COVID-19 Data Forum: Data Journalism

The COVID-19 Data Forum, a joint project of the Stanford Data Science Institute and the R Consortium, is an ongoing series of multidisciplinary webinars open to the public where topic experts discuss data-related aspects of the scientific response to the pandemic. This post walks through the video recording of the most recent event held on March 18, 2021 which explored the role of data journalism in the pandemic. Comments and time stamps should be helpful in viewing the video.

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What does it take to do a t-test?

In this post, I examine the fundamental assumption of independence underlying the basic Independent two-sample t-test for comparing the means of two random samples. In addition to independence, we assume that both samples are draws from normal distributions where the population means and common variance are unknown. I am going to assume that you are familiar with this kind of test, but even if you are not you are still in the right place.

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February 2021: "Top 40" New CRAN Packages

In February, two hundred forty-three new packages made it to CRAN, many of them very interesting and at least one entertaining. It was exceptionally difficult to pick the “Top 40”, but here they are, more or less, in eleven categories: Computational Methods, Data, Finance, Games, Genomics, Machine Learning, Mathematics, Medicine, Networks and Graphs, Statistics, Utilities, and Visualization. iconr in the Networks and Graphs section is a package for doing computational archaeology, a relatively new field that I hope will dig R. I also hope that sassy in the Statistics sections helps some statisticians find their way to R.

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Cheat Sheets

In a previous post, I described how I was captivated by the virtual landscape imagined by the RStudio education team while looking for resources on the RStudio website. In this post, I’ll take a look at Cheatsheets, another amazing resource hiding in plain sight.

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2021 R Conferences

It is not yet clear what lasting impact the Covid-19 pandemic will ultimately have on R conferences. We are still adapting to our inability to attend large events, and trying to make the best of the “silver lining” of virtual events which permit worldwide participation. The following is an attempt to list 2021 conferences that are likely to have interesting R content. I suspect that it is incomplete. If you know of an R Conference that is not mentioned, please add it to the comments section for this post.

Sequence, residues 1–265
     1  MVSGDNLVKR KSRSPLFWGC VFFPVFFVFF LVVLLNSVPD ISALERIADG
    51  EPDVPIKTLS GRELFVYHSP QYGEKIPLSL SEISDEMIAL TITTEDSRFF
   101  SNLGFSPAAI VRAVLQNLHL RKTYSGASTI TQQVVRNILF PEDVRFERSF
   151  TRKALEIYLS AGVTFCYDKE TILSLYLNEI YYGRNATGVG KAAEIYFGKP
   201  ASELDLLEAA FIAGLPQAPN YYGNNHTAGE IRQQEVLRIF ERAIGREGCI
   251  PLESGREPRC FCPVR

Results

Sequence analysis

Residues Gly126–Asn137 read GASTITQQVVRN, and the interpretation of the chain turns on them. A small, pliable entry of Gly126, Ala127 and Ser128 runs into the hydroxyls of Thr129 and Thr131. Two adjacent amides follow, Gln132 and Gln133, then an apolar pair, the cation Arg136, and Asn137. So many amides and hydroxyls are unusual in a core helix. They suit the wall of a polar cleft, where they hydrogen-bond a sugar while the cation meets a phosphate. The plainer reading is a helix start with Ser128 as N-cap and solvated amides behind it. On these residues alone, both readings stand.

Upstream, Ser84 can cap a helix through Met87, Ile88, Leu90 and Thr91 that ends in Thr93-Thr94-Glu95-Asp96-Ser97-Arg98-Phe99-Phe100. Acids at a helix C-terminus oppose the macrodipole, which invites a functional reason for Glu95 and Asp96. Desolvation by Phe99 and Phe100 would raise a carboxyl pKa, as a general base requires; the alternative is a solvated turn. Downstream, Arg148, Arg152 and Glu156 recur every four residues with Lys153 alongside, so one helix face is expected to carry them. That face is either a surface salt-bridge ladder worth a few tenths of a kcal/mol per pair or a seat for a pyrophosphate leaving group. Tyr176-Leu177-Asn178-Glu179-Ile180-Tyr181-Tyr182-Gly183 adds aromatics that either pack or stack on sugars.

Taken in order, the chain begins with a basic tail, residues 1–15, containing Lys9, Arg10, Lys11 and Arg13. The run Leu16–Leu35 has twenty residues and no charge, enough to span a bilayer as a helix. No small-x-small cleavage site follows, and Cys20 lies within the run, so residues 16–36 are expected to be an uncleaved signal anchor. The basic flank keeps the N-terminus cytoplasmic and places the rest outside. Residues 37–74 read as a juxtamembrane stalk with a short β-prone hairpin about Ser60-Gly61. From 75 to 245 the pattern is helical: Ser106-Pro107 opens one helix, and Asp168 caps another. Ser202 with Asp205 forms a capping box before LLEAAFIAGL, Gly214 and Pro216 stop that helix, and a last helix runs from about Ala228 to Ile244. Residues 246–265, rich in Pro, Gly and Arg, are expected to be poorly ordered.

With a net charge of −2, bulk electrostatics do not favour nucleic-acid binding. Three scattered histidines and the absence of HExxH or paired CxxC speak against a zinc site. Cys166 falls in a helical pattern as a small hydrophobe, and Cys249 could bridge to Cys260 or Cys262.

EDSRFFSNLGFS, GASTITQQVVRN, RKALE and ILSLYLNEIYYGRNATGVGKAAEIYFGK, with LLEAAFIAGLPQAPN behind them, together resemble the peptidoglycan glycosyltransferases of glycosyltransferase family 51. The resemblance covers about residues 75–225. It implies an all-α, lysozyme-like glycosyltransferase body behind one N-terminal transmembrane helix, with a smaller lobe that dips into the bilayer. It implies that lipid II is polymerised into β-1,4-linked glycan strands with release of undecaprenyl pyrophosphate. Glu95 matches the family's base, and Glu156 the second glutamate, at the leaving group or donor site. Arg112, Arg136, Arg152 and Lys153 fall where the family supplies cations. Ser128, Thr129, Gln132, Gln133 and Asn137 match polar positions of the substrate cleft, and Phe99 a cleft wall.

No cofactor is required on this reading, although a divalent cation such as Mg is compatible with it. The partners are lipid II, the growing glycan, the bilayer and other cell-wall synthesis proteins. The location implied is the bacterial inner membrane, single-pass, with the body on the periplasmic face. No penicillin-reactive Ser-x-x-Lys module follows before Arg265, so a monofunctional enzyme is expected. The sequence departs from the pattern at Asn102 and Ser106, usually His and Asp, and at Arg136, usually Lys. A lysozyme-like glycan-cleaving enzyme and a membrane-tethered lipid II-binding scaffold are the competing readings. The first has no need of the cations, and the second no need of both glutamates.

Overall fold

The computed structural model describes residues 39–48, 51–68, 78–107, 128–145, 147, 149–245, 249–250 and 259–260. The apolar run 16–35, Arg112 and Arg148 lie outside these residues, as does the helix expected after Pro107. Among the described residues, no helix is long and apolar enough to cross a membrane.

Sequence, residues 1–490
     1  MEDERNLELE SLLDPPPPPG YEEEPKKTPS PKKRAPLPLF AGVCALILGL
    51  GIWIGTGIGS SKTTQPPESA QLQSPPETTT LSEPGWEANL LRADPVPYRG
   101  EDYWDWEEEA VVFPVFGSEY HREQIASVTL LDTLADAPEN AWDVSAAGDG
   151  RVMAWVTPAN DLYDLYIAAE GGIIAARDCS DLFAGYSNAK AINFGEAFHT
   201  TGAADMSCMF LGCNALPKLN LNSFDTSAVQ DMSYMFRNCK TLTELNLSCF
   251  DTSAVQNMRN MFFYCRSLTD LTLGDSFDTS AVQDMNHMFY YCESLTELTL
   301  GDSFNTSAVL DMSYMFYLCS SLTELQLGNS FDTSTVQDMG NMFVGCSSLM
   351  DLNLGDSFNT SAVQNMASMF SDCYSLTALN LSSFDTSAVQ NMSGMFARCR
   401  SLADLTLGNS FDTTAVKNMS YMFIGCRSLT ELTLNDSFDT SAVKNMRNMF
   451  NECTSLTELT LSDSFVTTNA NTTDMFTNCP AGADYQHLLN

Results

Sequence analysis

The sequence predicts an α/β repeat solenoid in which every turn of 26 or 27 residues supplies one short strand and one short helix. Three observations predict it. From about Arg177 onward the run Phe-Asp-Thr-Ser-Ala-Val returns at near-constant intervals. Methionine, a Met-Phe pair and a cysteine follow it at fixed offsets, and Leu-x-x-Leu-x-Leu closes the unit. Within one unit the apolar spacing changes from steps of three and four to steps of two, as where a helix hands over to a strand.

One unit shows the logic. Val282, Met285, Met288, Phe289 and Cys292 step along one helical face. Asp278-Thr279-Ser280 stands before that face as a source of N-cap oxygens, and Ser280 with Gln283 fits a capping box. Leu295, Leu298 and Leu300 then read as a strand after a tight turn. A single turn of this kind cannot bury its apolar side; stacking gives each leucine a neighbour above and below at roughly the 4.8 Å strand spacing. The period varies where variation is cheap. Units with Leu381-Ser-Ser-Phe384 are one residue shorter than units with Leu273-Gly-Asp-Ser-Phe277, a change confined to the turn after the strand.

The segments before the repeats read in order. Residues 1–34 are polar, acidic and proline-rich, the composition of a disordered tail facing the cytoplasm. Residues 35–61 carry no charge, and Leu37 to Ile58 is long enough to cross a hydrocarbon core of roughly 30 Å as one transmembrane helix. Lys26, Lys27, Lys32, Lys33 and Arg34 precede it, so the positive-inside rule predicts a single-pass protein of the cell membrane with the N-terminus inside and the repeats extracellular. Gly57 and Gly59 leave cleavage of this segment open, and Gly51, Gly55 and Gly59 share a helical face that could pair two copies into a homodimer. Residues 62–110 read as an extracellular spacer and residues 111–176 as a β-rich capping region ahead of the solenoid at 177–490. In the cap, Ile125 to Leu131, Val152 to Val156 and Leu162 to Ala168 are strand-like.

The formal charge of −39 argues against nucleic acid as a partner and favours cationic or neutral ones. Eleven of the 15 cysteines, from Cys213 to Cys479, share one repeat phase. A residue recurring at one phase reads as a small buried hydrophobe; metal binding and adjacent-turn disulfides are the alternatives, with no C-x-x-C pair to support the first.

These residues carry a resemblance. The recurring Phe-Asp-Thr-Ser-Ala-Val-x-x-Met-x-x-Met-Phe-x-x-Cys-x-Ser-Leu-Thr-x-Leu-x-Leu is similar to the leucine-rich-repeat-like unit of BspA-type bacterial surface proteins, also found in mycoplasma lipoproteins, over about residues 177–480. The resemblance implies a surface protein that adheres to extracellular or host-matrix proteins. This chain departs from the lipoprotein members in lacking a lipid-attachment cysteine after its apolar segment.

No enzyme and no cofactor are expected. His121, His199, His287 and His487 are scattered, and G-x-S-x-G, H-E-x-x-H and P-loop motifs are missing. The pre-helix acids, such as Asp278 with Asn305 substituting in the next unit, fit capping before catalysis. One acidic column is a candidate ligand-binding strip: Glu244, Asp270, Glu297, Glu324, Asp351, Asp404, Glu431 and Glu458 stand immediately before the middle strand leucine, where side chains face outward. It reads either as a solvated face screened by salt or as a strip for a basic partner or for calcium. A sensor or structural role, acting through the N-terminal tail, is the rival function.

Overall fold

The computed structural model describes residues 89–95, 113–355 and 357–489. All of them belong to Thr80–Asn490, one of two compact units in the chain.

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January 2020: "Top 40" New CRAN Packages

Two hundred thirty new packages made it to CRAN in January. Below are my “Top 40” selections (AlleleShift, autoharp, autoMrP, autostsm, aweSOM, bayesforecast, cachem, circularEV, cmprskcoxmsm, coder, dataquieR, eList, GenomeAdmixR, ggmulti, ggOceanMaps, ghcm, gplite, igoR, LPDynR, LSMRealOptions, Microsoft365R, MOSS, multibridge, NHSDataDictionaRy, OTrecod, pacviz, parallelPlot, partR2, pwt10, RandomForestsGLS, rgee, rtables, SAMtool, spNetwork, targets, thematic, torchaudio, trainR, ubms, and vimpclust) in ten categories: Data, Finance, Genomics, Machine Learning, Medicine, Science, Statistics, Time Series, Utilities, and Visualization.

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R Interface for MiniZinc

Constraint programming is a paradigm for solving combinatorial problems that draws on a wide range of techniques from artificial intelligence, computer science, and operations research. MiniZinc is a free and open-source constraint modeling language designed for formulating constraint satisfaction and discrete optimization problems. Models are compiled into an intermediate representation that is understood by a wide range of solvers.

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Some thoughts on rstudio::global talks

The videos from the rstudio::global conference are now available online. I believe that you will find the content of most of these talks to be nothing less than compelling. The themes and moods of the talks range from informative and deeply technical R issues to data science, journalism, art, visualization, education and public service. In this post, I profile five talks that I found particularly compelling and provide a few thoughts on their significance.

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Dec 2020: "Top 40" New CRAN Packages

One hundred twenty-three new packages made it to CRAN in December. Here are my “Top 40” selections in nine categories: Computational Methods, Data, Genomics, Machine Learning, Medicine, Science, Statistics, Utilities, and Visualization.

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SEM Time Series Modeling

Structural Equation Models (SEM) which are common in many economic modeling efforts, require fitting and simulating whole system of equations where each equation may depend on the results of other equations. In this post, we will show how to do structural equation modeling in R by working through the Klein Model of the United States economy, one of the oldest and most elementary models of its kind.

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